At dinner she sat on the Chairman’s right. On her other side, owing to some accident of push and shuffle, sat young Martin Trevor. At first she had not thought his place accidental, in spite of his rather stiff manner before they sat down, but after a while she realized with a pang of vexation that he was not particularly pleased to find himself next her. He replied without interest to her remarks and then entered into conversation with his right-hand neighbour. Joanna was annoyed—she could not put down his constraint to shyness, for he did not at all strike her as a shy young man. Nor was he being ungracious to Mr. Turner of Beckett’s House, though the latter could not talk of turnips half so entertainingly as Joanna would have done. He obviously did not want to speak to her. Why? Because of what had happened in Pedlinge all that time ago? She remembered how he had drawn back ... he had not liked the way she had spoken to Mr. Pratt. She had not liked it herself by the time she got to the road’s turn. But to think of him nursing his feelings all this time ... and something she had said to Mr. Pratt ... considering that she had bought them all a new harmonium ... the lazy, stingy louts with their half-crowns....
She had lost her serenity, her sense of triumph—she felt vaguely angry with the whole company, and snapped at Arthur Alce when he spoke to her across the table. He had asked after Ellen, knowing she had been to Folkestone.
“Ellen’s fine—and learning such good manners as it seems a shame to bring her into these parts at Christmas for her to lose ’em.”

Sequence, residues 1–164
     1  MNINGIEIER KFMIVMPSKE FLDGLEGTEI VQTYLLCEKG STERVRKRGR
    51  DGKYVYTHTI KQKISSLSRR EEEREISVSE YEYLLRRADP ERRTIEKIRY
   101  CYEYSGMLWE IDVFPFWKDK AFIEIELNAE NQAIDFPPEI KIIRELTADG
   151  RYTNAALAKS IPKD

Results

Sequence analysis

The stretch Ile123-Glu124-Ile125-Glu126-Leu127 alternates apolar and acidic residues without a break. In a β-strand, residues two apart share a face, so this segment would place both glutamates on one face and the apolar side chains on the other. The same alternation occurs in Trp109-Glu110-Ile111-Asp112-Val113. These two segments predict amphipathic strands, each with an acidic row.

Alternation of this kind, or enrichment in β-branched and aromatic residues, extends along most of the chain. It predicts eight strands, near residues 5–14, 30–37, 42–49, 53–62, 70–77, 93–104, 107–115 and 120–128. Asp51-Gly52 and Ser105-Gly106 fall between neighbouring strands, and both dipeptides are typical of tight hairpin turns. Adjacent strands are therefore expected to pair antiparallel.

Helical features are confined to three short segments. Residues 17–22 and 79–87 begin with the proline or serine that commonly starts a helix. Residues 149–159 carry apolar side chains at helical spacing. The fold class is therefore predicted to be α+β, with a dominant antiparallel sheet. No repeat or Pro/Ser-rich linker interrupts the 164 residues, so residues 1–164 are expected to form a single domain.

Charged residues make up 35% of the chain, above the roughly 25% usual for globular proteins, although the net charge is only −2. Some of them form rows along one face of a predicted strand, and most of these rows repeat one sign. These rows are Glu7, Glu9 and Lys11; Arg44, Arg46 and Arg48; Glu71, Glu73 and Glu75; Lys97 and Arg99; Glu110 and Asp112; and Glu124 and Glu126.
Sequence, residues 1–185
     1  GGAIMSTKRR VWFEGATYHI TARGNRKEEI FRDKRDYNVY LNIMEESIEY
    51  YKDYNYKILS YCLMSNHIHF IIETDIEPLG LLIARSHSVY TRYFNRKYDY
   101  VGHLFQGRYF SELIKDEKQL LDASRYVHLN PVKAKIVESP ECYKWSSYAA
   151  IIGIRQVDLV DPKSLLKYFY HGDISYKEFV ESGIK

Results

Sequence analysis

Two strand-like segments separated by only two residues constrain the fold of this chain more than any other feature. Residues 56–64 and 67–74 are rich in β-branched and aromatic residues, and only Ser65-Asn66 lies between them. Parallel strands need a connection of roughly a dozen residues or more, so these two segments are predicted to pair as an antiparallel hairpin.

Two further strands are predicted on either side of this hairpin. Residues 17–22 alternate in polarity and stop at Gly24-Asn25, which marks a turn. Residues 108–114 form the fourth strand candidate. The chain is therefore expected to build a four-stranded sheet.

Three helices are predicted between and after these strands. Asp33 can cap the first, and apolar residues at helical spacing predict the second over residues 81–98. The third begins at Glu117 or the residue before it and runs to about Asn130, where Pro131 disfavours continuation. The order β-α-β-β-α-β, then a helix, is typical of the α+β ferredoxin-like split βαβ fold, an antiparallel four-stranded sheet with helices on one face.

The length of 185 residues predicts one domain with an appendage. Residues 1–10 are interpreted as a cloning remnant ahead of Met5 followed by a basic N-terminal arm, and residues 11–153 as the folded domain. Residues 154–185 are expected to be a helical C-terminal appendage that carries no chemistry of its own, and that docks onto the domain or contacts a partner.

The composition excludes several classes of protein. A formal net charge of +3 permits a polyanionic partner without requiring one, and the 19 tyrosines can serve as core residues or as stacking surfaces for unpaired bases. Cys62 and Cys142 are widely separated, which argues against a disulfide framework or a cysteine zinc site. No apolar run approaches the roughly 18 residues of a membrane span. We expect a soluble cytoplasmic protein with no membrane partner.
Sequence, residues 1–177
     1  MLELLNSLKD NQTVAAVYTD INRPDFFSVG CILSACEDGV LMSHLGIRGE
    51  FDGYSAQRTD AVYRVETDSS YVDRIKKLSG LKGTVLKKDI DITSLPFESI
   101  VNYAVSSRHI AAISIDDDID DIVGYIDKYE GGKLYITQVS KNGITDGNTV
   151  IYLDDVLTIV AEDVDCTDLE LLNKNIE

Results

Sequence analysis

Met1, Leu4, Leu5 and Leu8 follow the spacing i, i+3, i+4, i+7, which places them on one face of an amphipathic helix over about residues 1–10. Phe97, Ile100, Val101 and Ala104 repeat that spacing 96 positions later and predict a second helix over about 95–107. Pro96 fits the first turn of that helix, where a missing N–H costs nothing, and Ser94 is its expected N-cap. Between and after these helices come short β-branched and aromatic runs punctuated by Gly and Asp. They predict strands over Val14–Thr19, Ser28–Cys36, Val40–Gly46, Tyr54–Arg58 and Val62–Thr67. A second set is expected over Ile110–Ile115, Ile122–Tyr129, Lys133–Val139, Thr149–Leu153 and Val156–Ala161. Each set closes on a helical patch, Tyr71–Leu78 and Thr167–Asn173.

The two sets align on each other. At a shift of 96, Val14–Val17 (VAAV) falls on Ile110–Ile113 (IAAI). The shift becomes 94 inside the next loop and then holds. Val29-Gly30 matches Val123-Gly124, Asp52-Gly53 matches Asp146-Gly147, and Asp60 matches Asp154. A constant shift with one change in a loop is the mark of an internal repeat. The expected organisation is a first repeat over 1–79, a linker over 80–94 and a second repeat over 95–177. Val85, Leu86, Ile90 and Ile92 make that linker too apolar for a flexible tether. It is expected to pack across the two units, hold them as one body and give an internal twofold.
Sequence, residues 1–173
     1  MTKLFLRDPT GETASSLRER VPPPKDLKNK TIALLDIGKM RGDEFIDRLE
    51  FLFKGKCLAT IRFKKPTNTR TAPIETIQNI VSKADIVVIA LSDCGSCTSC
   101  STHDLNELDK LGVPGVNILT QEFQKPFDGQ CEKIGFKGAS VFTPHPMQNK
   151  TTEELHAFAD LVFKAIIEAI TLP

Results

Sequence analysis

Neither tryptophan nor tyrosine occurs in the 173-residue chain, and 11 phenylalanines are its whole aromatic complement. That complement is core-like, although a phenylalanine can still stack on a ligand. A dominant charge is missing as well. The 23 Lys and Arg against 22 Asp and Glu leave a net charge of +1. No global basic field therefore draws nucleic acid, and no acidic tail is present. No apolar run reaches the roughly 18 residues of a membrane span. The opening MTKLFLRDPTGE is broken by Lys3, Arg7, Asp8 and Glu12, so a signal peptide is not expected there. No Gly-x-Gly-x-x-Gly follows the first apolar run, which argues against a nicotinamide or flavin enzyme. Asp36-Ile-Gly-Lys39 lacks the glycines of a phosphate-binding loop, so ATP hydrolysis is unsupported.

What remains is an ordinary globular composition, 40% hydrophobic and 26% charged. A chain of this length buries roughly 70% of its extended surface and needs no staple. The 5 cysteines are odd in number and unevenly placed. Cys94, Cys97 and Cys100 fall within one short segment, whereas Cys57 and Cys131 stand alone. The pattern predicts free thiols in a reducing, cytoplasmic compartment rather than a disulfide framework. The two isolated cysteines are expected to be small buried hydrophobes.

“On the other hand. Miss Godden, she might impart them to us,” said the Squire from a little farther down.
“She’s learning how to dance and make curtsies right down to the floor,” said Joanna.
“Then she’s fit to see the Queen. You really mustn’t keep her away from us at Christmas—on the contrary, we ought to make some opportunities for watching her dance; she must be as pretty as a sprite.”
“That she is,” agreed Joanna, warming and mollified, “and I’ve bought her a new gown that pulls out like an accordion, so as she can wave her skirts about when she dances.”
“Well, the drawing-room at North Farthing would make an excellent ball-room ... we must see about that—eh, Martin?”
“It’ll want a new floor laid down—there’s rot under the carpet,” was his son’s disheartening reply. But Joanna had lost the smarting of her own wound in the glow of her pride for Ellen, and she ate the rest of her dinner in good-humoured contempt of Martin Trevor.
When the time for the speeches came her health was proposed by the Chairman.
“Gentlemen,” he said, “let us drink to—the Lady.”